Gardner, Bennet to fight for conservation funding
Special to The Aspen Times
Colorado’s U.S. senators said this week they will both fight hard for full funding of the Land and Water Conservation Fund despite the Trump administration’s plans to gut the program that’s pumped more than $268 million into the state for parks, ball fields, trails and open space.
“Congress finally secures LWCF for future generations, and the administration turns around and tries to cut its funding. This is exactly why Coloradans are so frustrated with Washington,” Democratic Sen. Michael Bennet told the Vail Daily on Tuesday via a spokeswoman.
Bennet was referring to the signing last week of the John D. Dingell Jr. Conservation, Management and Recreation Act (formerly the Natural Resources Management Act) by President Donald Trump — the day after the White House released a proposed 2020 budget with deep cuts to the LWCF and other public lands programs.
“The Land and Water Conservation Fund is the crown jewel of our conservation programs and I have long supported fully funding LWCF that comes at no cost to the taxpayers,” Republican Sen. Cory Gardner said via a spokesman.
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Established by Congress in 1965, the LWCF uses offshore drilling lease fees to develop parks, wildlife refuges and recreational facilities on federal, state and local lands. It also funds additions and upgrades to national parks, forests and other public lands, including projects in western Colorado. Trump’s budget would reportedly slash LWCF funding by 95 percent.
“I always fight for Colorado priorities in the budget and will continue to do so,” Gardner added. “Congress ultimately controls the power of the purse and I remain committed to putting Colorado interests first.”
Gardner’s office points to major Colorado priorities he successfully included in the most recent appropriations bill, including $435 million for the LWCF and $500 million for the Payment in Lieu of Taxes (PILT) program, which provides federal payments to local governments to offset losses in property taxes due to non-taxable federal lands within their boundaries.
Bennet has introduced legislation to fully fund the LWCF, and Gardner has consistently vowed to continue fighting for full funding of the program.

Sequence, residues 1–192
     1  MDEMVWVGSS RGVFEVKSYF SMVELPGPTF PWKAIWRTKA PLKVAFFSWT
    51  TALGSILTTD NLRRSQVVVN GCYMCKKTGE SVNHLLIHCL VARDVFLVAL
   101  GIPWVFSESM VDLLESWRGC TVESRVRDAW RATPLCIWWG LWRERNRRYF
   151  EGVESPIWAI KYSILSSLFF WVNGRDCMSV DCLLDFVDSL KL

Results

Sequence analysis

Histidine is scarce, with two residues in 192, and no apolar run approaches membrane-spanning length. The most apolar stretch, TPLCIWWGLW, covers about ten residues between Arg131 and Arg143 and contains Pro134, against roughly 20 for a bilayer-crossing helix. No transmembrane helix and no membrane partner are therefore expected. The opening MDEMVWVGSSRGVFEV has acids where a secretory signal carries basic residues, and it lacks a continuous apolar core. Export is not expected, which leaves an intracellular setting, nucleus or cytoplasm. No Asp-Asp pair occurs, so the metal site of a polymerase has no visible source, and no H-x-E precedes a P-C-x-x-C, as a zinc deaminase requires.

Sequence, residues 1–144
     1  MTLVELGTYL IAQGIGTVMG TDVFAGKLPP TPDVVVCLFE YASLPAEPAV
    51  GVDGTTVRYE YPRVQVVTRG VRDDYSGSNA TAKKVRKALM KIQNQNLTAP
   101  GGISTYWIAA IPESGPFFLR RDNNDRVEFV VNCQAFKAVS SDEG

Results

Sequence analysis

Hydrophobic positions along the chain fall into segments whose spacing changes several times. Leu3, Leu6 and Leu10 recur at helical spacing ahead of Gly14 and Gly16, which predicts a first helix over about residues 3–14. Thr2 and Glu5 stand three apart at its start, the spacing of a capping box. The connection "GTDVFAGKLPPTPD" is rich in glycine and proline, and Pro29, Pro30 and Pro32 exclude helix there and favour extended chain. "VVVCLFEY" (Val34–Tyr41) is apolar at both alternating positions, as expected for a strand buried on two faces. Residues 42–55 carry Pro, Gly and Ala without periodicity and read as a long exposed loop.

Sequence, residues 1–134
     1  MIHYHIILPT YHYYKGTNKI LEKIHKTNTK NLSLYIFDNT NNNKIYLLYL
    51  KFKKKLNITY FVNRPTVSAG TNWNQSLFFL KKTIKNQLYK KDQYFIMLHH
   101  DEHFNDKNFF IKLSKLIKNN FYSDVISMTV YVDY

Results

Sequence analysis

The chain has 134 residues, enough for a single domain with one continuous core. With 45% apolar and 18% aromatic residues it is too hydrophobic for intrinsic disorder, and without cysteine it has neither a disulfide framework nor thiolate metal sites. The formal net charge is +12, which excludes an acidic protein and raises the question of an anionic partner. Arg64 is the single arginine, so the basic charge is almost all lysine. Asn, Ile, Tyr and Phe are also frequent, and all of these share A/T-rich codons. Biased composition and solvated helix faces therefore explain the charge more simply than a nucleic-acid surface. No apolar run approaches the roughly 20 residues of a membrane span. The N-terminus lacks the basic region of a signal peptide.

State groups dependent on the funding would love to see an end to the annual budget battle for the program, which is now permanently reauthorized and collecting money from drilling operations.
“I struggle with that; I struggle with the whole (funding) concept, not just LWCF but the Forest Service and BLM budgets as a whole,” said Scott Jones, chairman of Colorado Parks and Wildlife’s State Recreational Trails Committee. “When Land and Water Conservation Fund money went away, the non-motorized side of the state trails program almost disappeared. It would have been less than a million bucks a year, and that was going to be a big problem.”
Congress allowed the LWCF to lapse in September after it was only reauthorized for three years in 2015.
Jones, who also represents several motorized recreational user groups, says one of his biggest frustrations is having the funds to work on trail projects but not enough federal staff to approve and facilitate construction.
“Our trails program, the motorized end of it, puts about $6 million a year on the ground for all kinds of projects — bridges, trail crews, you name it, we do it,” said Jones, who’s also president of the Colorado Snowmobile Association and vice president of the Colorado Off-Highway Vehicle Coalition.
“One of the biggest barriers we run into is we have the money, we have the trained people oftentimes housed in the Forest Service or BLM and we can’t get clarification on can we do this, can we not do this because there’s nobody there,” Jones said, referring to a lack of federal staffing or firefighting obligations.
“Last couple of years it’s been, ‘You know, John, the forester is fighting a fire for seven months out of the year,’” Jones said. “We need money to put people at desks.”
For hikers and backpackers, LWCF funding is key.
The ongoing construction of the Continental Divide Trail depends on LWCF money, particularly in areas where there’s no nearby federally owned public land. In those cases, proponents of the trail use LWCF funds to acquire private land for the trail.
In a statement, the Continental Divide Trail Coalition blasted the president’s “drastic cuts to LWCF,” which the coalition argued “undermined White House claims of support for the program.”
Teresa Martinez, executive director of the Golden-based CDTC, celebrated the renewal of the program but said it’s time to “get back to work to fight to ensure strong funding for LWCF.”
David O. Williams is a freelancer reporter based in Vail.
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